Interview

Tell Me About It: Grandaddy’s Jason Lytle on the good times, the not so good times, the skint times and the future times

'I’m starting to discover now how hanging in there can start to pay off'

In the years since Jason Lytle broke up Grandaddy in 2006, citing fatigue, weariness and bankruptcy as his reasons, he has married, divorced, and moved from his hometown of Modesto to Montana to Portland Oregon and back to Modesto again. With everything seeming to come full circle, then, perhaps it makes sense that he’s also decided to put Grandaddy back together, write them a new album (‘Last Place’ out on 3 March) and take them out on tour.

At the same time, there hasn’t been a more apt time for a Grandaddy comeback: their thematic calling card of technology becoming first sentient then either malevolent or disenchanted feels queasily prophetic in the opening months of 2017: just this week, headlines such as “German parents told to destroy doll that can spy on children” wandered around the internet straightfaced, while increasingly self-aware social media algorithms lob hand grenades into the most delicate political situations.

If the feeling that we’re all now living inside a Grandaddy album has been growing since the Millennium Bug bluffed the world into needless submission right around the time ‘The Sophtware Slump’ was released, it seems now, 17 years later, we are approaching peak Grandaddytopia. Jason Lytle, meanwhile, just keeps on keeping on.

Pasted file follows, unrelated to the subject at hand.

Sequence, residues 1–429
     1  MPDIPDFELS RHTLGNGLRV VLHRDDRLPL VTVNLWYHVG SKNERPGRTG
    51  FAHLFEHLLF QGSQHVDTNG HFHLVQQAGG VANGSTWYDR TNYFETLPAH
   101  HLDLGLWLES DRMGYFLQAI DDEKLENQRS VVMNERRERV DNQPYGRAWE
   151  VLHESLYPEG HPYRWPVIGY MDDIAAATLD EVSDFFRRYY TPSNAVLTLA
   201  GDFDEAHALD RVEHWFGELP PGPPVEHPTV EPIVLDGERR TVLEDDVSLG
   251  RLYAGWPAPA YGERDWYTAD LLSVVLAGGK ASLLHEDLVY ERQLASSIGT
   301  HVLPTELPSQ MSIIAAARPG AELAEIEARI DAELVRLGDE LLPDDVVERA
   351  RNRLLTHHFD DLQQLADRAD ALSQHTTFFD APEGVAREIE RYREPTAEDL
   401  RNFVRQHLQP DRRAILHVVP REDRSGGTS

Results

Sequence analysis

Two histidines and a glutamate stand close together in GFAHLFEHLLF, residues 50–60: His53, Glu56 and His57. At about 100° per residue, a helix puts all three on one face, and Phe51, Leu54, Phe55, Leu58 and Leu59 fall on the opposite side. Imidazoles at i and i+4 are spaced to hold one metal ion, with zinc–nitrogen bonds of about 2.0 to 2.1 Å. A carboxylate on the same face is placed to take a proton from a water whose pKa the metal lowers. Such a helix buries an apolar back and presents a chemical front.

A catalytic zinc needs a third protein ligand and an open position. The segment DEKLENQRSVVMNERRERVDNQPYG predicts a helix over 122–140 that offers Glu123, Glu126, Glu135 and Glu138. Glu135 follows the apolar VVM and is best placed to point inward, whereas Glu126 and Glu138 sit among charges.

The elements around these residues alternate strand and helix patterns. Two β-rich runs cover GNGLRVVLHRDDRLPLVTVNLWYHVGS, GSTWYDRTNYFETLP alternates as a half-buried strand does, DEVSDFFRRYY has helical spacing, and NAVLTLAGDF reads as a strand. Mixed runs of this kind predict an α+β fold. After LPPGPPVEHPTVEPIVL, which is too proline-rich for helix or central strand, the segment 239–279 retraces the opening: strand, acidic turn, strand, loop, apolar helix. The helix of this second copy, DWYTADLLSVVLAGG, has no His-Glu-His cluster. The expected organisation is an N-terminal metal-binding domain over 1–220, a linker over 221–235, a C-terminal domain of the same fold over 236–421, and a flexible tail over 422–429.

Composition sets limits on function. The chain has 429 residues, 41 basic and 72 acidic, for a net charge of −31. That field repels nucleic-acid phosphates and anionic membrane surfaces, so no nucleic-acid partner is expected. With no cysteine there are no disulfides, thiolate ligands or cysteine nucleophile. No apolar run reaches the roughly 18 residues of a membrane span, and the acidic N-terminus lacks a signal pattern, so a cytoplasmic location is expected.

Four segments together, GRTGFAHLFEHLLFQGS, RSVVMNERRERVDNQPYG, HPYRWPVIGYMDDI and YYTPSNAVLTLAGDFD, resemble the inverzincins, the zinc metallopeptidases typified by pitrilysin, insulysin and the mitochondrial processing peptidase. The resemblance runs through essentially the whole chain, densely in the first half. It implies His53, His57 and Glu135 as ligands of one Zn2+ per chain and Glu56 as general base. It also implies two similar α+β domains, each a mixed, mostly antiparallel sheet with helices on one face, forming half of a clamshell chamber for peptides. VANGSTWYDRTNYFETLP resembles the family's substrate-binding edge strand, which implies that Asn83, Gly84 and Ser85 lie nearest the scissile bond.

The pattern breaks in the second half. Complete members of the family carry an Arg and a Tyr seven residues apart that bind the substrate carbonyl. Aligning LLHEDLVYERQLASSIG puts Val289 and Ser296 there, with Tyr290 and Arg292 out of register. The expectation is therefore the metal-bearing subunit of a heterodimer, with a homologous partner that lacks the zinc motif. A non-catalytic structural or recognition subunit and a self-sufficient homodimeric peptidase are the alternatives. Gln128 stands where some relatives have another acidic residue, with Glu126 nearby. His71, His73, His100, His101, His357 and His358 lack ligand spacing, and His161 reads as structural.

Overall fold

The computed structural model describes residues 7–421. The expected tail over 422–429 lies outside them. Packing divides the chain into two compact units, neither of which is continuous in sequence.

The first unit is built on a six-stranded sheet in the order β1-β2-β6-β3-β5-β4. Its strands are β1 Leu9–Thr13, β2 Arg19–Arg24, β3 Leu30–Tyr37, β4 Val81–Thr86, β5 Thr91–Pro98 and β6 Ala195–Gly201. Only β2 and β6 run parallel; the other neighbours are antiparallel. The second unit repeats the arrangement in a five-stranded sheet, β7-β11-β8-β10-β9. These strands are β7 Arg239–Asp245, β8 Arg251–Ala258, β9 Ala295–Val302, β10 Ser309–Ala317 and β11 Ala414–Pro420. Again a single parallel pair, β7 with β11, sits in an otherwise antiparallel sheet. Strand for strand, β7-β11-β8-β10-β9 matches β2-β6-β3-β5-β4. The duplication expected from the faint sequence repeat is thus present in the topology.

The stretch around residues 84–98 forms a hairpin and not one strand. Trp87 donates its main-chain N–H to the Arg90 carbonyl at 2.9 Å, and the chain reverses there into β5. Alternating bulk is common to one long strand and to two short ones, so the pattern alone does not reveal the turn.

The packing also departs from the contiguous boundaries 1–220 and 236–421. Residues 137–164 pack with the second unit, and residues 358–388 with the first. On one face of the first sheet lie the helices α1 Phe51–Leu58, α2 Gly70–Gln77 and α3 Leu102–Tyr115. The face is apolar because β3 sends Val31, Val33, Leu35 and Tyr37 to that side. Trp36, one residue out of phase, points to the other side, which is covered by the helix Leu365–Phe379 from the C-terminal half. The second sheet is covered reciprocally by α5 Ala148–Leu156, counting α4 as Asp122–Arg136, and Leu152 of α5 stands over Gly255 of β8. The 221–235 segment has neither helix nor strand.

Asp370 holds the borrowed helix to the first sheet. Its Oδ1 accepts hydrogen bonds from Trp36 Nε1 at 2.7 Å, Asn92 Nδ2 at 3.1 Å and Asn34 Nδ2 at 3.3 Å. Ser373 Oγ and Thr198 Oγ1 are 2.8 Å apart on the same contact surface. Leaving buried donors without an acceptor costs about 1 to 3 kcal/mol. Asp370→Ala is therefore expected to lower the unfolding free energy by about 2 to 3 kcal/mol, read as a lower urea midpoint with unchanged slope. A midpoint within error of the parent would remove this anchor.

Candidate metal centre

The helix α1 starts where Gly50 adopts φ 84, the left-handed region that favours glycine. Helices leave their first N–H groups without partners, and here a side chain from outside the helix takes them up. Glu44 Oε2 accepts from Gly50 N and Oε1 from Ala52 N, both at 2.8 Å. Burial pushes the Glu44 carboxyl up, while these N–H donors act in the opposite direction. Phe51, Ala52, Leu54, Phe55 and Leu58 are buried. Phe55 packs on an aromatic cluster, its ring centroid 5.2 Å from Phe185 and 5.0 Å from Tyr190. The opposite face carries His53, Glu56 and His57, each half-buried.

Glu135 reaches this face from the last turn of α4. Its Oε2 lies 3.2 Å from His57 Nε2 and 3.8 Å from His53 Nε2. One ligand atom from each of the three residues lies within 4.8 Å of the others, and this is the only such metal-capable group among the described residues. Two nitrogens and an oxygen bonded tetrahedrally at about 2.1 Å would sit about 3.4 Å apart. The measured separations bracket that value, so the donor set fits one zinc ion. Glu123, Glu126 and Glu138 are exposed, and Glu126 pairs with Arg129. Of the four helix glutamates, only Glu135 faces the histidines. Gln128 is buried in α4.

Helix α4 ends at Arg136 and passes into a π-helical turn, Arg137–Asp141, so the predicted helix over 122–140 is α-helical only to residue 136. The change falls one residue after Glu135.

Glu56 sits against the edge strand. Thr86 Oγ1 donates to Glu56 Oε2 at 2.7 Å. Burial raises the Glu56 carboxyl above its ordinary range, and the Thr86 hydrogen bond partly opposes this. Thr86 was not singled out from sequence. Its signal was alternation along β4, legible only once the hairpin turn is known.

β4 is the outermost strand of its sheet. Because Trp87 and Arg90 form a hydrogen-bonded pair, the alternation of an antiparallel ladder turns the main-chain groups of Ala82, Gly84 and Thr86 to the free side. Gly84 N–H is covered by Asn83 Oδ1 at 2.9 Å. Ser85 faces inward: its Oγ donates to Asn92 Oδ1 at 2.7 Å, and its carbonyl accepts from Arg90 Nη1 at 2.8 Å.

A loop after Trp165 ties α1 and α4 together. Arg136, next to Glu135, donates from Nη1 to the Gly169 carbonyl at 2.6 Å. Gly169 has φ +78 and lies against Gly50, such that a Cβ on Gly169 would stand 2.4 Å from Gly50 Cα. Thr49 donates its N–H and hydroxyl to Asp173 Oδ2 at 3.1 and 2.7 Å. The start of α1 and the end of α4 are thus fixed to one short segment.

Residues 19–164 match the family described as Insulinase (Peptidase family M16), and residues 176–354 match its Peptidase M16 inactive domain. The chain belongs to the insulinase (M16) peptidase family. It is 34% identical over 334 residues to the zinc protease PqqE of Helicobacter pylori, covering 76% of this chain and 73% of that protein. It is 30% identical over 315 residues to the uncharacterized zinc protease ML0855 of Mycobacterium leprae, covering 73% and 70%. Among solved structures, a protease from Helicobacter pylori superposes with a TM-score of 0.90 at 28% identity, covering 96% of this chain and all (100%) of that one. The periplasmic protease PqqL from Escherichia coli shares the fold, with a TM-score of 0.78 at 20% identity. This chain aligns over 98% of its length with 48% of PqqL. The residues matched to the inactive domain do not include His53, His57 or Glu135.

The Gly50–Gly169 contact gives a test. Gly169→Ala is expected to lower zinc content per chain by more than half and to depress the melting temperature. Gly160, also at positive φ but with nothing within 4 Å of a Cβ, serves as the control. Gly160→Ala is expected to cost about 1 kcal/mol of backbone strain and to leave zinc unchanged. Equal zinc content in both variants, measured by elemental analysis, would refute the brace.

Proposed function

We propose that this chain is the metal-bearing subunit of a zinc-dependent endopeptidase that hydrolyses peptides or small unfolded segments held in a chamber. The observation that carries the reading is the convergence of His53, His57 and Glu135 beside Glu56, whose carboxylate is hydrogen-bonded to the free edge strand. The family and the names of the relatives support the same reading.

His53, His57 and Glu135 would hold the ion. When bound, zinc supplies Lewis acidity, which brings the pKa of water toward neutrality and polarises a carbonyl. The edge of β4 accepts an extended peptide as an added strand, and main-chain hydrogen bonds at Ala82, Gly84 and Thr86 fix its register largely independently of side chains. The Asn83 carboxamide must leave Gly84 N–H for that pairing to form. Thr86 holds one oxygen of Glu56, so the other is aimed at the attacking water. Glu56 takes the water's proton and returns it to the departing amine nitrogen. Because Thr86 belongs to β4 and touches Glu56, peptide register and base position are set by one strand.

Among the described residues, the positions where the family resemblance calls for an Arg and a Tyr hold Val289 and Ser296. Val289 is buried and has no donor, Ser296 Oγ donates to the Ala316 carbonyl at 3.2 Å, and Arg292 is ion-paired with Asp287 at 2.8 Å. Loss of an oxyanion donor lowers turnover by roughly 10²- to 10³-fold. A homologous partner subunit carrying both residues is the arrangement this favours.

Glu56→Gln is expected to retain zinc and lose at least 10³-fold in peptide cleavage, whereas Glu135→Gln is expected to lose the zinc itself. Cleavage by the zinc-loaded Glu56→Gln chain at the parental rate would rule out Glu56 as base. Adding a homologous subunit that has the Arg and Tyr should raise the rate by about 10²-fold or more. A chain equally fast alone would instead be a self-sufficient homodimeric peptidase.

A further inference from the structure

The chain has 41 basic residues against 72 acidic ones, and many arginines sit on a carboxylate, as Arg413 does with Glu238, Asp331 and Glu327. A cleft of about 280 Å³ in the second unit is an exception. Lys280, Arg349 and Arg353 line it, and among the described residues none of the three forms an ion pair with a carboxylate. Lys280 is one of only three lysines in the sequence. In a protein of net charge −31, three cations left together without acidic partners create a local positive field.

“It’s been a kind of dark couple of years”

If I wouldn’t have had this new record to cling onto – well, it was kind of keeping me afloat. And in that respect I’m on the lucky end of the spectrum, as far as humans go, because I have a pretty good outlet in music, and some other people just can’t articulate it. Their pain just starts festering in them and they end up in therapy, all medicated, and screwed up and suicidal. I really don’t take anything for granted, but with me it’s nice to know that even when life sucks so fucking bad, if I keep hammering away at the music and really get the pain out, something good’s gonna come out of that.

“I have no problem being repetitive and simple, and working within my confines”

In fact, when I’m told that I’m being repetitive and simple, I take that as a compliment. But believe me, I’ve tried to experiment and do different things. I’ve got a hard drive that’s full of bad experiments! Thing is, I often joke about this, but all I’m ever trying to do is re-achieve this feeling that I had when I was eight years old, of listening to music as a little kid with headphones on in the privacy of my own bedroom, just being transported to this other place. That’s all I ever want. I’m not trying to dazzle anyone with my skills: I love playing the piano, and I love playing the guitar, and that’s it. I mean, even as a runner – I like to run – it’s not about speed for me. It’s just about how you’re feeling while you’re running, and that’s where I’m at with music. It doesn’t have to be flashy or virtuoso, and I have no problem with being lowest common denominator – that Blur song, the woo-hoo one, is one of the best songs ever made on this planet! And I don’t mind being conked over the head by a good melody from time to time!